What’s Happening to the Taste and Nutrients of What We Eat?

I haven’t seen many of you down at my local newsagent early on a Thursday morning, picking up your copy of The Land… I’m assuming you must all get it delivered; perusing the cattle prices, watching the wool market and checking out the latest tractor as you enjoy your black tea and WeetBix. You will all then recall the recent article “Less wheat ‘Bang’ – and it’s a worry”…No? Wrong audience? Hmmm…let me explain.

Rothamsted Research Station near London is the oldest agricultural research station in the world. The Broadbalk Ag experiment started in 1843 and has been assessing the value of the then new inorganic fertilizers against farmyard manure and control plots with no additions.

As you can imagine, science kicked in and the yields increased from just over 1 tonne per hectare to 11 to 12 tonnes per hectare in those plots fertilized with modern inorganic fertilizers on a rotation with other crops. What caught my interest about this article was the research on macronutrients within the strains of wheat developed over the period of the trials. The trials indicate that the levels of macronutrients from the early years until the 1960s remained somewhat similar; they then declined with new developments in wheat genetics.

So what happened in the 1960s? Well I am led to believe that “chemical science” helped some people miss the decade all together, but in regard to wheat, the long straw varieties began to give way to the much shorter semi-dwarf varieties that are sown today. To paint the picture, long straw varieties grew for longer and were larger (waist height) compared to the modern varieties which grow faster, are more resistant to disease, and only grow to around knee height using less moisture and other inputs.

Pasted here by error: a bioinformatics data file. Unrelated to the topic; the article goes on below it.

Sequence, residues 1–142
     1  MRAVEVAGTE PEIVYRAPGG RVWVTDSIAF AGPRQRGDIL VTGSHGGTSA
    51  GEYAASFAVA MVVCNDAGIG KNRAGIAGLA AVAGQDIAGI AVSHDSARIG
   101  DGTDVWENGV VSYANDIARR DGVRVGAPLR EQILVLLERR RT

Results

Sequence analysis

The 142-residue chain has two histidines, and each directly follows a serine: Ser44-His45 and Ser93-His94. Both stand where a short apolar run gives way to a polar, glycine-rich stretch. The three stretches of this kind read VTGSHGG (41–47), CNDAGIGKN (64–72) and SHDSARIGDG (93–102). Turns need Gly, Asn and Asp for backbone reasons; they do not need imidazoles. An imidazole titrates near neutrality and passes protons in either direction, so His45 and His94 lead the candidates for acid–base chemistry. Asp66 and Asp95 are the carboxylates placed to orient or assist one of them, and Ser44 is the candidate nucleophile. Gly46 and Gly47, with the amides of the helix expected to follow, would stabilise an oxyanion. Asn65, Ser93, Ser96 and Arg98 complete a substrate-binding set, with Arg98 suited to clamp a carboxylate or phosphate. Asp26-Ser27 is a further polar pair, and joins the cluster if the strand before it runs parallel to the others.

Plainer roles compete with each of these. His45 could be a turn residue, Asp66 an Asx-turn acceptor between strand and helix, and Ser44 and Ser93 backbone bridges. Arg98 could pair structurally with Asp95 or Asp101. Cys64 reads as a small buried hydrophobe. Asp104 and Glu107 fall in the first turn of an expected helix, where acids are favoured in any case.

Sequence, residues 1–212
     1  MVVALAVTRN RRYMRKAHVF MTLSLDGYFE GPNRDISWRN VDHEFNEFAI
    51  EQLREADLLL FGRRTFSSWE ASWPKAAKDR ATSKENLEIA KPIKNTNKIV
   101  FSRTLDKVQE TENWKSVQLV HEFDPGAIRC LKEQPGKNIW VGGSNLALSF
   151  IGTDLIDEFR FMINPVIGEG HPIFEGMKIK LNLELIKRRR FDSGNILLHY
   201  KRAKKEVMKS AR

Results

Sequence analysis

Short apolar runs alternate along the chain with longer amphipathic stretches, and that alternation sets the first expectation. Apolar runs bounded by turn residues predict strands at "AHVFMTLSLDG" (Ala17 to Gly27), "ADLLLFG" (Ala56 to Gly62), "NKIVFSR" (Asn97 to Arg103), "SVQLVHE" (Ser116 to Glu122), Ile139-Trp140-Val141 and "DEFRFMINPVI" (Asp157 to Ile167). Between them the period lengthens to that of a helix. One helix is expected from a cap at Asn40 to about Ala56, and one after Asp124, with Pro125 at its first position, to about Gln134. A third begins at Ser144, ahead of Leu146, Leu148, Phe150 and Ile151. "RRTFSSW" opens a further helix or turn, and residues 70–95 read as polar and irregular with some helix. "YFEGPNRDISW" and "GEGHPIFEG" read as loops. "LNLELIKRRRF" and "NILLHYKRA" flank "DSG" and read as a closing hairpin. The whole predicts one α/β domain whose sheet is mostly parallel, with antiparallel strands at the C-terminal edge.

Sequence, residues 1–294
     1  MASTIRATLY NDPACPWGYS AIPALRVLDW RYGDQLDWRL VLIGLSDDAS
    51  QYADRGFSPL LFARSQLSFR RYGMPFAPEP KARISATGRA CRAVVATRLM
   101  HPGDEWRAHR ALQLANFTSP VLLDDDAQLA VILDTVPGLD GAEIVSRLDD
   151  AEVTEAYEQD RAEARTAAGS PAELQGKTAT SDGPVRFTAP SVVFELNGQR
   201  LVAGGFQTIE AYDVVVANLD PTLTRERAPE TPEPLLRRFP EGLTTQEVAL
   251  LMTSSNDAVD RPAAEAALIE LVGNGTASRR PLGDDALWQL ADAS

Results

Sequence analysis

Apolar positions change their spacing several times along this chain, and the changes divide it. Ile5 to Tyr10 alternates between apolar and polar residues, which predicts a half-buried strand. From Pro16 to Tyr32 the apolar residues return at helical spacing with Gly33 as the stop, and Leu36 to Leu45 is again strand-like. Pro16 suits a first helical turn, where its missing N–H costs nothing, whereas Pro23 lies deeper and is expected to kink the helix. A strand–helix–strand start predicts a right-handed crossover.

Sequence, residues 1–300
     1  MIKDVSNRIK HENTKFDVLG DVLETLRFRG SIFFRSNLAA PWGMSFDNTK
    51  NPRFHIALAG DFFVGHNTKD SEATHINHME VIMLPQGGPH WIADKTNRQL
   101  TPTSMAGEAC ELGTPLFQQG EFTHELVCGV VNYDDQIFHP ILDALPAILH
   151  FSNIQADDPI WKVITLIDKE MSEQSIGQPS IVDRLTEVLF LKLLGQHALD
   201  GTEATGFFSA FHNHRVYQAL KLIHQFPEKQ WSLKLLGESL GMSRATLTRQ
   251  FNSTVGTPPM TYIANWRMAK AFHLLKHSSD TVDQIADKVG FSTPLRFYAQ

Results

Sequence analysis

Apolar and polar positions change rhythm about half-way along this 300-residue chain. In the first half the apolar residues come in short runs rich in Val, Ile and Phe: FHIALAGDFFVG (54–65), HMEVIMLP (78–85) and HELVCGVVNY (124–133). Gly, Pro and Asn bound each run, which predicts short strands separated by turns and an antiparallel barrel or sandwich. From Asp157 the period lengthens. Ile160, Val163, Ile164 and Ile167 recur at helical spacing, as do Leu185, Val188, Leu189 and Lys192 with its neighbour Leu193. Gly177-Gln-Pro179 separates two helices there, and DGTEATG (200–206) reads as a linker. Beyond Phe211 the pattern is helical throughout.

As these new strains have developed the macronutrients have decreased to 30% lower than the original long straw varieties. In essence, as we develop new strains to have larger grains which develop quicker for more profit, we are losing the benefit of the grain in the first place.

I believe this process of development for a faster more profitable product to be a slippery slope. I can understand the farmer’s position… What would you do? Plant a crop with low yield so that you can sleep at night knowing that little Jonny is getting his share of nutrients? The farmer would soon be sleeping in his car as the bank would have his property, and what does little Jonny do? Take a tablet to make up for his lost nutrients? Where does it stop!

As we evolve, and progress takes us to God knows where, the aim of feeding the masses is leaving the good things behind. It is not just wheat; in the shops the tomatoes, corn, carrots and grain fed meat (you knew it was coming) have little taste. This is because they have been bred or grown quicker and bigger for more bucks, ease of packaging and disease resistance; but in doing so the good parts are left behind. Those of you who have a vegie garden know how much better your home grown vegies taste. Choose what food you buy. Yes, some places are more convenient and some products are cheaper, but at what cost? Loss of taste and nutrients…? But really, why else do we eat?

food production, wheat

Ben Clinch

Ben Clinch has a strong background in agriculture and has experience in operations and project management. Before starting The Free Range Butcher he worked as jackaroo, camel handler, barman, security guard, handyman, and tiler. These days he manages the day to day running of The Free Range Butcher business, and you can usually find him out the front of the farmers market stall; often telling bad jokes, or offering samples to vegetarians. He’s also the go to guy for sales, corporate enquiries, events, and silly questions.

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